British Army – Diversity and Inclusion

We have worked across the MOD since 2003, and with the Army since 2009.  We strive to transform how military and civilian staff perform in the Army by creating positive, inclusive workplaces.  The programmes use a variety of interventions, designed in the context of the various disciplines and functions of the target audience.   We also bring in best practice and the latest thinking from other sectors.

Our commitment

On operations, in barracks and across the contemporary operating environment we adapt our programmes and performances pushing the boundaries – to meet the needs of the Army’s changing workplace demands.  session interaction image

Through our involvement with the Army we have been on the journey through Army Reform, the creation of Field Army and Home Command and the work on A2020.   We ensure that all the training covers every bit of the military ethos, includes the formal directed values as well as the reality of the informal cultures.

We painstakingly conduct extensive research into the Army’s workplace experiences. Our step by step, face to face approach means that we are confident that we have and will continue to change the Army’s workplace for the better, improving performance, improving morale as well as saving time, money and unnecessary process.



A programme designed to get the best from all personnel in order to optimise operational effectiveness and create an inclusive culture in the British Army.   It acts as a catalyst to change attitudes, behaviours and organisational culture.  The overarching aim is to deliver an interactive, scenario based programme to empower individuals to lead  by example and work towards implementing an environment where diversity is valued, all feel included and one where inappropriate behaviour and attitudes are challenges when they become apparent.

Two discreet programmes have been developed for:   Values and Standards British Army

  • Field Army, Home Command units and any other Regular or Reserve unit.
  • Army personnel and civilians working in a HQ staff environment.

Both programmes blend the narrative from the scripted drama interventions, with professional facilitation rooted in a thorough knowledge and understanding the Army’s ethos and ambition ‘to grip the culture’ and drive cultural and attitudinal change, across all ranks and grades.

Respect for Others training is highly interactive using actors and facilitators to present scenario-based situations to an audience that will make them think about Diversity and Inclusion, Bullying, Harassment and Discrimination and other interpersonal issues in a new way.


PHASE ONE training

Initial training (also known as Phase 1 or basic training) is where new recruits learn to become soldiers.   They are taught about what it means to be a soldier and how the Army works as well as learning survival and fieldcraft skills, first aid, and how to use a rifle.

Ensuring the Army’s newest and youngest recruits understand and respect the values and standards set by the Army is an important part of this training.   For many recruits joining the army at 17/18 years old, will be the first time they will have met such a diverse range of individuals.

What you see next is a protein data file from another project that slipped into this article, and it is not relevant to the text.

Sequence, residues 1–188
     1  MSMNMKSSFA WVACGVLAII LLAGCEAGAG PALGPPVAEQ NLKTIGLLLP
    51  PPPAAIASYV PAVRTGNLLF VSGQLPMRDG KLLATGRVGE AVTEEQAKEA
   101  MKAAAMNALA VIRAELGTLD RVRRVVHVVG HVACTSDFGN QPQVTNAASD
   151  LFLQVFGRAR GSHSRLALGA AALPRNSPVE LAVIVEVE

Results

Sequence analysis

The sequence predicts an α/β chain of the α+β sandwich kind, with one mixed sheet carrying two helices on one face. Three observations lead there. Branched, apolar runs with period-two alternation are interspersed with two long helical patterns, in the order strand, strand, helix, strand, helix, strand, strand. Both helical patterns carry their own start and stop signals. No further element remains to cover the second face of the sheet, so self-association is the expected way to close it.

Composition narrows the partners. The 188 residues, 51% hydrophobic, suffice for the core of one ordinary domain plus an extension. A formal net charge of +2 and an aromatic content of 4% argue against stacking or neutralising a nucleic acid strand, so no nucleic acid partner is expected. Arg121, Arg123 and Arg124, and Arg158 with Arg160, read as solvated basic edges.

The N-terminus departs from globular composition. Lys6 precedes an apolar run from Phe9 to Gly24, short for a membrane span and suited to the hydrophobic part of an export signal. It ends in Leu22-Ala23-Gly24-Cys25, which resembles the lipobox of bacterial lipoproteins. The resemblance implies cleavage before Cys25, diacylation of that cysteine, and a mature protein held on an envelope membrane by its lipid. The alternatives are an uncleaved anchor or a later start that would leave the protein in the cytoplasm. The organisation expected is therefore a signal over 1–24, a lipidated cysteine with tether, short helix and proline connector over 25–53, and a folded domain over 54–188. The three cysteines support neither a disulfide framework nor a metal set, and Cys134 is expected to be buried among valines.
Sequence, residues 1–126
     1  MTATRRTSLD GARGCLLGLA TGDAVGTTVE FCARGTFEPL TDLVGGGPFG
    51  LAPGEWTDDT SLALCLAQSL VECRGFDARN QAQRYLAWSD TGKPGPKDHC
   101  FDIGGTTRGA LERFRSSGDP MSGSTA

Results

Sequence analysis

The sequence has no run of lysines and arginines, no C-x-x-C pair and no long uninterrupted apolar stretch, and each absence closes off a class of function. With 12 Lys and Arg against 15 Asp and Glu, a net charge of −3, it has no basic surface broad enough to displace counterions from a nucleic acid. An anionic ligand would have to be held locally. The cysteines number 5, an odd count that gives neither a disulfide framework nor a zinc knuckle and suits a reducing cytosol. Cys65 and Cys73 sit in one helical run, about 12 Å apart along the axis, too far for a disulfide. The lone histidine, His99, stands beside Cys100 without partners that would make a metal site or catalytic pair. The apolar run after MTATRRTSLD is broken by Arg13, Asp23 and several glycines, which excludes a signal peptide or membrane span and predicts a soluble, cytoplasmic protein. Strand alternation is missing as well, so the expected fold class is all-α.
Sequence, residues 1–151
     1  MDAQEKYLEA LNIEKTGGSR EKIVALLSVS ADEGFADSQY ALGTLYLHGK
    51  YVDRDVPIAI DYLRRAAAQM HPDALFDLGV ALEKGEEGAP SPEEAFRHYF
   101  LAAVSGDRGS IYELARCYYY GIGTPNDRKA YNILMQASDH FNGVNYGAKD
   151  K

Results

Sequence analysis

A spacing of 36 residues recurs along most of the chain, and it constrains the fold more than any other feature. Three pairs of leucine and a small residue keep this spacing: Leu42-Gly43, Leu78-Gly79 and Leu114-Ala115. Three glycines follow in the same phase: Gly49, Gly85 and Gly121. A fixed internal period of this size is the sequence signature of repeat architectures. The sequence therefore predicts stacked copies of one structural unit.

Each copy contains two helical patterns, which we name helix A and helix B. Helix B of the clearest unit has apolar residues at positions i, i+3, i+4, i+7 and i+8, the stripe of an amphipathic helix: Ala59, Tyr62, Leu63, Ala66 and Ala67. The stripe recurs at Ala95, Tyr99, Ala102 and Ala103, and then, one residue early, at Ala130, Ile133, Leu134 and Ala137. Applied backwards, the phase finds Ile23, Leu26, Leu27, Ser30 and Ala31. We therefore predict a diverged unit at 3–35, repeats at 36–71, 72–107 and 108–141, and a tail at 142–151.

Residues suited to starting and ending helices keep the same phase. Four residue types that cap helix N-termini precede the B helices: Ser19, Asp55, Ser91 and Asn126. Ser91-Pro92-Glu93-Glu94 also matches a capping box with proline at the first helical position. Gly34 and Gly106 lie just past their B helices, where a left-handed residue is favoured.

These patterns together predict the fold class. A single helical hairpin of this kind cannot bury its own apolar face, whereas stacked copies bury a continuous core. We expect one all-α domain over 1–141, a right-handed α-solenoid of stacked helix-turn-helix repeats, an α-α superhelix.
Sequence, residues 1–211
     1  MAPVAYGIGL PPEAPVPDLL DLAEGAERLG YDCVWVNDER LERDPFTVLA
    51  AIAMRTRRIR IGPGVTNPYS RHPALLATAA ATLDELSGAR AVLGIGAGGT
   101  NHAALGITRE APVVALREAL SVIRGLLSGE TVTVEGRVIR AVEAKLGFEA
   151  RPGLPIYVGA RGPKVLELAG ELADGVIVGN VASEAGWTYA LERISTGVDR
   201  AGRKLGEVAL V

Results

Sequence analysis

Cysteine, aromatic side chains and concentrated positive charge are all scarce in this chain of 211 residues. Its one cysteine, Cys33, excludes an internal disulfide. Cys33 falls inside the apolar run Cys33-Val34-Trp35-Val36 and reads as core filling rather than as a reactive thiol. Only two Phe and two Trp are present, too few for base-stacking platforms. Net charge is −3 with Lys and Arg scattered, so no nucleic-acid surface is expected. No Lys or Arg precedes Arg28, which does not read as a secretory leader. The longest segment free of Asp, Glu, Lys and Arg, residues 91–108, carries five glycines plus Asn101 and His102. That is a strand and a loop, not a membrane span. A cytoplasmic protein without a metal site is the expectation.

We run a session introducing diversity and inclusion as a specific subject area and helping recruits to understand what the Army requires of them throughout their careers. It has been devised as a tool to change and develop attitudes, behaviour and culture through early career intervention.

It is also intended to encourage and empower individuals to lead by example and to challenge inappropriate behaviour whenever and wherever it occurs.



To support the Army in delivering its Healthy Living programme, we have designed a two hour scenario based session, involving professional actors.  The session will highlight the issues around the impact of alcohol on self and others, particularly in relation to operational effectiveness.   The emphasis will be on exploring how alcohol affects physical and mental health, the risks of mis-use, professional behaviour and conduct, and the support available.   The training has been rolled out across 4X Regiment.

Pitched at the right level and engaging throughout, offering a soldier’s eye view of realistic and knotty issues and events around alcohol.  It was felt by all who attended that the actors used words and phrases that real people would, enhancing realism and credibility of the entire event.    This reinforces the message already out there that this is not the fun police on crusade, but informative and thought provoking.”

Capt C Davidson | UWO | The Light Dragoons

British Army


A new report on Inclusive Leadership:culture change for business success produced by Opportunity Now, explores how five pioneering organisations, including the British Army, have helped form a five point framework to develop and embed inclusive leadership.   Case studies highlight how the Army went about embedding diversity and inclusion into their existing leadership framework.  The Garnett Foundation has been responsible for designing and delivering these elements into core leadership programmes,  including for new recruits.  The report also highlighted a training DVD we produced on Challenging Behaviours with the aim of developing behaviours and actions that characterise great inclusive leaders.

You know the training has had a positive impact when the staff are still talking about the training opportunity a week later! The training was outstanding.

Lt Col Gary Connolly

“From a UAA [Unit Alcohol Adviser] perspective I thought the training was fantastic, it was really good to see the soldiers interact with the team! Since your training I have had several soldiers step up and volunteer to became AAPs. Really well delivered and all ranks took away some valuable training.”

Capt. J Gascoigne RA | UWO | 5th Regiment Royal Artillery